World?s progress too slow on climate change

Each year, the International Energy Agency puts out a study of which technological advances are needed to keep global warming below 2 degrees Celsius. The 2012 report is out and the grades are dismal: Aside from a recent boom in wind energy and solar power, the world isn’t making much progress.

The IEA doesn’t just look at recent trends in greenhouse-gas emissions — those can rise and fall with the economy. Instead, it looks at which clean-energy technologies are coming online. If the world wants to avoid a dangerous 2C rise in global temperatures, then we’ll need a certain amount of low-carbon infrastructure in place by 2020, the IEA says. That means a mix of wind turbines, nuclear reactors, energy-efficient cars and buildings, and so on. And, for most of those things, countries are way behind. Here’s a rundown:

• Cleaning up coal plants. The IEA has recommended that countries around the world need to have at least 38 coal plants that capture and store carbon up and running by 2020 in order to stay on pace to meet that 2C climate target. There are no such plants operating. Moreover, the report notes, nearly half of the new coal plants built in 2010 aren’t even up to the latest efficiency standards.

• Solar energy, wind power and other renewables. Here the IEA is more optimistic, noting that solar-panel prices are plummeting, countries are rapidly building hydropower dams and geothermal energy plants, and wind turbines are sprouting up everywhere. Countries are making slower progress on advanced renewables such as concentrated solar power plants and offshore wind turbines. But in the past decade, renewable power has been growing at a 27 percent annual rate, and if the pace continues, renewables should meet the IEA’s expectations.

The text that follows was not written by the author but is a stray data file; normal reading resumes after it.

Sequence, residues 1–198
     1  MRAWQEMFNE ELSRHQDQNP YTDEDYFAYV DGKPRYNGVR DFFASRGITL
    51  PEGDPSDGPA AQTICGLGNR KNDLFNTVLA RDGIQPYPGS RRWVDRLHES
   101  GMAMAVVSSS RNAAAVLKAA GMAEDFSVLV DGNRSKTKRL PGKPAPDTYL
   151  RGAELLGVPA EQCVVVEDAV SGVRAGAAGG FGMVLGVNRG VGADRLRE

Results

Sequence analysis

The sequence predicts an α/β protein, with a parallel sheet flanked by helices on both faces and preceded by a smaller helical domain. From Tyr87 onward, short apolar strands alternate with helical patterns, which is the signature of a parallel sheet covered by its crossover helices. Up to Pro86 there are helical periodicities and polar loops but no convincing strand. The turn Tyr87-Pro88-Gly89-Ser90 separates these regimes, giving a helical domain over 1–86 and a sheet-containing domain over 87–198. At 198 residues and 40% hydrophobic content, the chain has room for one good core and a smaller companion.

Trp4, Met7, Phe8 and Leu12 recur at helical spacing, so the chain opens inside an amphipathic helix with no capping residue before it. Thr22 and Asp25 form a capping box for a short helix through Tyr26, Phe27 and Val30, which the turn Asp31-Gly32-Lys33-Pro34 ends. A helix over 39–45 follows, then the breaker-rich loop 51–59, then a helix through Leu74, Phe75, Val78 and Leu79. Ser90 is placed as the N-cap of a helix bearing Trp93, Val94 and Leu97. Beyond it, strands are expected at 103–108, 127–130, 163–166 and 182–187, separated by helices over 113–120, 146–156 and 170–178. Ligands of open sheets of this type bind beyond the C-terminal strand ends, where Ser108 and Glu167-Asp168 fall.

• Vehicle fuel economy. The IEA estimates that fuel economy needs to improve by an average of 2.7 percent per year by 2030 in order to keep the share of emissions from transportation under control, but cars and trucks are getting more efficient at just a 1.7 percent annual pace. Some countries, such as those in the European Union and the United States, are improving quite steadily. Others such as India are becoming less fuel-efficient, though that’s largely because more people are able to buy vehicles.

• Buildings. The IEA says that improving the energy efficiency of buildings is one of the easiest ways for the world to rein in its carbon emissions, since residential and commercial buildings account for 32 percent of energy use around the world. Although most people know how to insulate better and install efficient lighting, most countries have been slow to adopt stricter building codes, promote solar thermal systems and speed the adoption of energy-efficient appliances.

If the world wanted to make a concerted push to meet the 2C target, the IEA says, all the sectors, from electricity to vehicles to buildings, would have to chip in to reduce greenhouse-gas emissions. Right now we’re on track to a balmy 6C of warming in our future. To get down to 2C, many sectors need to contribute.

Renewables is the only sector pulling its weight. According to the IEA, most countries don’t have stable, reliable policies to promote clean-energy technologies. They recommend the usual solutions: a price on fossil fuels, new standards for energy efficiency, and more money for research and development.

The IEA estimates that meeting the 2C target will require $5 trillion in energy investments by 2020. That, in turn, would save $4 trillion in fossil fuel costs. And over the next 40 years, the benefits from energy savings and reduced emissions would keep growing and eventually outweigh the costs. For now, though, the world’s nowhere near that point.

Brad Plumer,